Thursday, June 2, 2011

Future Shock

Science fiction writers ask if climate change is transforming Earth into the ultimate alien planet

Welcome to the Greenhouse
Edited by Gordon Van Gelder
OR Books, 348 pp., $17

If you run your hand down the shelves of a bookstore, you'll find a wide range of contemporary fiction, categorized by reader fetish and with genres kept carefully separate. This one is "mystery," that one a "romance," another is a "thriller," and that one over there? Well, it's "literary." But whether we're talking about dragon tattoos or Da Vinci's codes or fraught Thanksgiving reunions, contemporary novels all seem to share a certain binding principle. Even as they try mightily to distance themselves from one another, in fact, they're all the same genre. They're historicals.

While we debate what constitutes fictional trash and hash over the trendiness of present tense, great events are afoot. Carbon dioxide concentrations are rising. The world is changing. The stories that purport to describe our contemporary world are becoming a bit like mammoths in glaciers. They're nicely detailed, but they're also extinct. Even as these novels explore families and politics, landscapes and nature, murders and liaisons, global mean temperatures continue to jag upward. Permafrost melts. The ocean turns acid. Polar bears mate with grizzlies. Bark beetles chew their way north to new timber.

The tide creeps up the beach and over the dikes.

As Elizabeth Kolbert of New Yorker fame writes in her foreword to the short story collection Welcome to the Greenhouse, climate change is already in motion. The CO2 we've already dumped into the atmosphere means that we're on a train rushing toward a strange future. There's no stopping it. Our lives here and now have become historical -- a snapshot sepia-tone moment between the way things were before and the way they will be after.

But where are we going? And how might a storyteller engage with it? The answer lies in another part of the bookstore, that much-maligned ghetto of rocket ships and Barbarella, robots and Prime Directives: science fiction.

Despite its often silly pop culture referents, science fiction is actually the only literature with the tools for the job. The only genre that gathers up present data and then lunges forward into story, extrapolating the shape of a world that doesn't yet exist but looms over the horizon.

When it works, science fiction provides a BabelFish translation not only of our potential futures but also of our present. George Orwell gives us Big Brother, and William Gibson gives us cyberspace. As pure prognostication sci-fi often misses, but as a window into possibility and as a builder of vocabulary to describe the changes humans wreak upon their surroundings, it offers a chance at understanding the implications of our present in a way that other genres do not.

Book coverSo how does science fiction do when it turns its gaze from interstellar travel to focus instead on global warming?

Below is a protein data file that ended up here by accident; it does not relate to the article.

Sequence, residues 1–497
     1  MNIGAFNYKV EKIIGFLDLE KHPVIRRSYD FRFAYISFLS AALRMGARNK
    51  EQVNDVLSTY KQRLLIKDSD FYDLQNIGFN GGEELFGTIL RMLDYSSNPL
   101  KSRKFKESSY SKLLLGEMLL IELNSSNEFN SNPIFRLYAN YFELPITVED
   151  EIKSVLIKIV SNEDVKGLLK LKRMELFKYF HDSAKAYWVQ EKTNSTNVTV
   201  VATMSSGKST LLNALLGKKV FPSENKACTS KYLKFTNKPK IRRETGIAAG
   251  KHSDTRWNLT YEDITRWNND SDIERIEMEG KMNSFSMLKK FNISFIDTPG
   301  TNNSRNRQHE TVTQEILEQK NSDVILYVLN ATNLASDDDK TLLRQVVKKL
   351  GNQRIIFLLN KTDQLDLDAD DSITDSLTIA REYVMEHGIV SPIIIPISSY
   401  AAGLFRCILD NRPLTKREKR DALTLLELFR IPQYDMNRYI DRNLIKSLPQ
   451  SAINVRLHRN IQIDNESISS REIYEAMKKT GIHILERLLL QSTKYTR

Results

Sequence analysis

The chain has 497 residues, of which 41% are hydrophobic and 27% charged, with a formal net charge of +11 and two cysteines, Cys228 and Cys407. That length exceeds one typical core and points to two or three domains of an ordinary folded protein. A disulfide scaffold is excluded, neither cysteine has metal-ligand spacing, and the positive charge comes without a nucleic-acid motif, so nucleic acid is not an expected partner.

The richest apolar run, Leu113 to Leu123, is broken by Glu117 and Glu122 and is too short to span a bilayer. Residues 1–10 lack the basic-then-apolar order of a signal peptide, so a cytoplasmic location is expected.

In Welcome to the Greenhouse, the editor Gordon Van Gelder assembles 16 science fiction authors and asks them to tell the story that is rendering all our other stories obsolete. The book provides a wide range of styles as well as a list of novels for further reading.

But first, a moment of candor. Whenever I hear words like climate change attached to the word fiction, I admit I want to flee. The topic reeks of sincerity, heavy-handedness, and didacticism. I expect to be depressed. Will it really tell me anything that I haven't already chewed through in nonfiction form? Will it traffic in cliché? Will it recycle the Mad Max apocalypse scenarios of dog-eat-dog that always seem to ride along in the sidecar of collapse, whether we're talking about nuclear devastation or biological plague or peak oil, or zombies dashing about moaning for brrraaaaaiiiiiiiinnnsssss?

Will it have Bandits?



Certainly some of the stories in the collection tread this post-apocalyptic ground where scarcity and lawlessness are assumed to go hand in hand. Shotguns and ancient M-16s share equal space on the page with starving children and those few brave souls who hold tight to the threads of unraveling civilization. Some of these apocalypse stories are well drawn, but as windows into global warming, they're so steeped in cinematic clichés of collapse in general that they don't have much to tell us about the implications of climate change in particular.

That said, there are pleasures in this volume, and even more surprising, there are a couple of laughs. Early in the book, Matthew Hughes tells the story of Bunky Sanson, the prototypical Competent Man of science fiction's own dusty history, a man who can invent his way out of anything. Bunky goes after climate change with all the optimism of today's industrial giants or geo-engineering proponents. As the farce closes, Bucky is devoured by massive, alien, dinosaur-like birds, which agree with him that global warming is in fact "not a problem."